CITY leaders have pledged to start work now to access any funding unlocked by devolution to benefit York communities, businesses and the city's recovery.

Ministers have today confirmed that the cross-party Back York campaign has succeeded in retaining local decision making in York.

As reported, City of York Council is set to remain a unitary authority in its own right, alongside a new North Yorkshire unitary authority covering North Yorkshire County Council’s current footprint.

This follows a local campaign in response to the Government consultation on the future of local government in York and North Yorkshire which considered proposals to remove two-tier local government.

Evidence, submitted by the council earlier last year, demonstrated the significant detrimental impacts of any local authority merger which includes York.

Such impacts include eroding local decision-making in York, increasing council tax, breaking the 800-year historical connection between the Lord Mayor, council and the city, and disrupting key services at a time when they are needed the most.

Resident and stakeholder consultation, alongside the analysis undertaken by the council, showed strong support for decisions made for York to remain in York.

More than 3,200 residents backed York by signing the cross party petition.

Business, health and education leaders wrote to the Government supporting York’s existing strengths and opportunities as a unitary authority.

Cllr Keith Aspden, Liberal Democrat leader of York council, said: “Residents, businesses and key partners were clear that what matters now for our city is continuing our local and regional efforts to recover and rebuild.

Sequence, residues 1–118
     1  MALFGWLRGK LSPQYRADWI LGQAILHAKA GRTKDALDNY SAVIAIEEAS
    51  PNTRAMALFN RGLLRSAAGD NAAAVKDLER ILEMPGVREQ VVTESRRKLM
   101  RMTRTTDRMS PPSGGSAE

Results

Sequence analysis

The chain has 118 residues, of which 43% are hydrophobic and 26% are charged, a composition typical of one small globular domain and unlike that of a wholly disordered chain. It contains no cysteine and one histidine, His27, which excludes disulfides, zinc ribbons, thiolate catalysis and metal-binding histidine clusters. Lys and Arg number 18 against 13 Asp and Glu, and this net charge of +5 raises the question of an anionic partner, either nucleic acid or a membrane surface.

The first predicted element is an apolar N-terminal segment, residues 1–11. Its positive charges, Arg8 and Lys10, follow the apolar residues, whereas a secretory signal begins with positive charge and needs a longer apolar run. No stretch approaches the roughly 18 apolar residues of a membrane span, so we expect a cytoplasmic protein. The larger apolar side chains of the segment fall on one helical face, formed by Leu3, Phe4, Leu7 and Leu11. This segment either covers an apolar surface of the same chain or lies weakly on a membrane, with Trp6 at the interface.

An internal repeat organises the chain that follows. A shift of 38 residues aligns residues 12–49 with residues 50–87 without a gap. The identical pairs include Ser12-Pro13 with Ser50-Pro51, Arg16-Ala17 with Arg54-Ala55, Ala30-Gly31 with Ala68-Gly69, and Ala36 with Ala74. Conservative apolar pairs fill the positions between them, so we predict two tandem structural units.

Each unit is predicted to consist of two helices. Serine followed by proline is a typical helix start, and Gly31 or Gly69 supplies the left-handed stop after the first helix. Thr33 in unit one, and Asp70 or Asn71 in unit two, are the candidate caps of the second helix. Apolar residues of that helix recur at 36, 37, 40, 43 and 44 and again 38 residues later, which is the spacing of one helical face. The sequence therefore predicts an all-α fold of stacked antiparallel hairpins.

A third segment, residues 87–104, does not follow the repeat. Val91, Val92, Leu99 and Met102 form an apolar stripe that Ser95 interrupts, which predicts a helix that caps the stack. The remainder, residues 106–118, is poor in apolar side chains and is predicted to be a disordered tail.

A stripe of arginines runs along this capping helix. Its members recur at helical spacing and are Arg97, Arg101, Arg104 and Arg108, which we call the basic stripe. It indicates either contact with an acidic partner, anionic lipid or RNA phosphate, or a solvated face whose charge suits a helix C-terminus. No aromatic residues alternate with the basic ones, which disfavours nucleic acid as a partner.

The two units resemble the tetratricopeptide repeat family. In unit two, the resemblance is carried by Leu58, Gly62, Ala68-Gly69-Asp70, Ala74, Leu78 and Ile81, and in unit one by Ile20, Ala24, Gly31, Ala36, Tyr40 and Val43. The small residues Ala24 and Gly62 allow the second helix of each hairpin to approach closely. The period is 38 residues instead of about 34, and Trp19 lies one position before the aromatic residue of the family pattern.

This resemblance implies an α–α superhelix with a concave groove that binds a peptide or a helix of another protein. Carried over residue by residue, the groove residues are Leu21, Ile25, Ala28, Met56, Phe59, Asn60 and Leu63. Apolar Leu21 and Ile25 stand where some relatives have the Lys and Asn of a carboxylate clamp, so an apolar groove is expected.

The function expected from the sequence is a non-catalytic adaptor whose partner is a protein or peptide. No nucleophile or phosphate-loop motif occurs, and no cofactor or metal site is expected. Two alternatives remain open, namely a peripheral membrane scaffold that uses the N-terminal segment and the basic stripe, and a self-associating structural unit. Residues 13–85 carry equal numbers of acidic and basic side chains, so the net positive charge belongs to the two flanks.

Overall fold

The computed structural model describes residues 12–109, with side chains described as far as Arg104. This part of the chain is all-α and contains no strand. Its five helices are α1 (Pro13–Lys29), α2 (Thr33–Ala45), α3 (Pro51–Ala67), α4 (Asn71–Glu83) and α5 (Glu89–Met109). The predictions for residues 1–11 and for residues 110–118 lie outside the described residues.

"This decision will allow the council and its partners to focus on that, building on the strengths of partnership working, continuity and York’s unique identity to drive recovery.

“I would like to thank everyone who took the time to sign the petition, write a letter or work with partners in support of our city and a sustainable recovery. We sent the Government a clear message – decisions for York should be made in York - I’m glad that they have listened.

“Now we will get to work to access the investment that could be unlocked by devolution, which will benefit our communities and businesses and help facilitate a strong recovery.”

Cllr. Andy D’Agorne, deputy leader of the council, said: “This decision provides the certainty which the council and partners wanted. We can now continue to build a strong recovery and continue making York the best place it can be for all residents.

“We have seen over the course of the pandemic how our city can pull together to support each other and our economy. These strengths stand us in good stead for the future ahead.”

"We will now work closely with North Yorkshire County Council and Districts to support their transition to become a single unitary, sharing our expertise to strengthen local government across the area.”